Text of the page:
Our Jacob ram lamb sported no only a nicely developing fleece, but two perfect sets of horns, equal size, shape, and symmetry.
Until one morning this week when I discovered one torn from his head, leaving only a bleeding stump behind, I'm posting a photo below. Over time the stump should heal and re-harden, but I'm doubtful whether a matching horn will grow once again.
****Note - the photo is a little graphic if you're not comfortable seeing this type of thing ...
Although I have removed most blooms from our first-year strawberry plants, a few hidden berries make a sweet snack when I discover them.
With lots of bright sunshine and warm temperatures, I spent most of the morning washing our last fleece from the February shearing. This is Maggie's fleece, probably the best of the lot with an excellent rating.
The cats greatly enjoyed this activity, playing with the bits of wool that fall to the ground when I skirt the fleece.
Rabbits produce a nutrient-packed fertilizer for all types of garden soils that does not require an allocated time for decomposition (as compared to horse, cow, chicken, etc. that will burn growing plants if added too quickly).
Rabbit pellets can be added directly to the soil and will dissolve over time with watering and rain. Or, pellets can be placed in a container of water and be allowed to steep for a period of time into a liquid fertilizer brew.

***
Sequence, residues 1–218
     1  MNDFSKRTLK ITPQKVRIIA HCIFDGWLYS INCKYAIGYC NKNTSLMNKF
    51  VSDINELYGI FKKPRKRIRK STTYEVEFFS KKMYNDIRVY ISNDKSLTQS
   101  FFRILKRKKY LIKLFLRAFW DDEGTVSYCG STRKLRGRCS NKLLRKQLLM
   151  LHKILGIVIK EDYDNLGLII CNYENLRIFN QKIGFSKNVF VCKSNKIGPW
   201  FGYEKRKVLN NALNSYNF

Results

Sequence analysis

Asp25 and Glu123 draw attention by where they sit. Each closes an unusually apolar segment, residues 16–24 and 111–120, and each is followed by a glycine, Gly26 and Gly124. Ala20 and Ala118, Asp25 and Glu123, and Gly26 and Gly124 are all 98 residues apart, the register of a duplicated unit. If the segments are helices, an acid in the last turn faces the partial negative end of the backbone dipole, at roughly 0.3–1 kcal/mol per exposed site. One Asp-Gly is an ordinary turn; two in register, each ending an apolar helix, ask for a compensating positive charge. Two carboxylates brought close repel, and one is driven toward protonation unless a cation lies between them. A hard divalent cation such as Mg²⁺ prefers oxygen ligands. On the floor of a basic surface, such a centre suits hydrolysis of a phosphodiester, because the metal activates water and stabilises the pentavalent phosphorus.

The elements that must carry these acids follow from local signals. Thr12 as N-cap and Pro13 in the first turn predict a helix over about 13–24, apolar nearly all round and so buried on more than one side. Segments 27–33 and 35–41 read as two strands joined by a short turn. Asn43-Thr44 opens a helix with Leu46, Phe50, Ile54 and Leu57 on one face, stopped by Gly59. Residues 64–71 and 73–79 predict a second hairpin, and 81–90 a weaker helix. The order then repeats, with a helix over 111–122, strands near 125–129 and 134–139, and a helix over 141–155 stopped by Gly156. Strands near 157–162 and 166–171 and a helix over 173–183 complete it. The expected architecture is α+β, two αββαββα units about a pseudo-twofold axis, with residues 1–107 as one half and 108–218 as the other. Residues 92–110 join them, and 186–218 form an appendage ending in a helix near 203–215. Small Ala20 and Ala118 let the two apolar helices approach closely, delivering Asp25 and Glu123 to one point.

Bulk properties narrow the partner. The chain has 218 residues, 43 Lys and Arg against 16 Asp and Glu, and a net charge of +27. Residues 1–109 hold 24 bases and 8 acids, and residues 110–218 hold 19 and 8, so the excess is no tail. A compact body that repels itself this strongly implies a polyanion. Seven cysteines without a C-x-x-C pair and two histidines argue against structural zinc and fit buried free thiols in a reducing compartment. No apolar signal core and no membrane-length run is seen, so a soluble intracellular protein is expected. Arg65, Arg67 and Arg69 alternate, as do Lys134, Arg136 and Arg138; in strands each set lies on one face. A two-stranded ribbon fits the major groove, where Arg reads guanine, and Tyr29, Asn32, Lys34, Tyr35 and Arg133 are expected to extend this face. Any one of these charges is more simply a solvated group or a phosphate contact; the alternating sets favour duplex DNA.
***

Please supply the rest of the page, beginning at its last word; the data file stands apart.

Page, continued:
Although we use these pellets extensively in our own garden beds, we are offering these for sale through our website (and eventually our Etsy shop - check for availability). Price will be $5 per quart with a nominal shipping fee added or stop by our farm for pickup!
Although this may appear the rustic form of a French guillotine, it is in fact our newly-built goat-milking, hoof-trimming, eye-checking stand.
Don't laugh ...
Our first contestant for hoof-trimming this afternoon was Jackson, our Jacob sheep ram. Although beginning with a ram may seem ill-advised, he is the easiest to catch and often the calmest of all of our animals.
Not that he enjoyed his experience in the 'tine.
Most hoof-trimming experts simply flip a sheep onto their backside with turned head; however, this set of horns makes such a position problematic.
And our final victim of the day (no photos of the ewes and female goat, I am afraid) - Heebs.
English peas. Climbing peas. Green peas. Spring peas. Whatever label one chooses to use, ours are quickly ripening and may be ready for at least a small harvest by Memorial Day weekend.
I've planted some along a trellis.
And others climbing tomato cages.
We built new cages this week for our trio of English Angora kits, who are growing quickly. I'm not certain when their first molting will occur, but their fiber looks beautiful as it gains length.
Jacob sheep ram lamb Rex is growing quickly on spring grass and his mother's milk. Here he is at one month.
And here he is approaching two months. He sports two sets of horns.
Plus he appears to have the making of an excellent fleece.
This is our story, in real time and in photos. It is neither unique nor unusual nor extraordinary. But it is our story.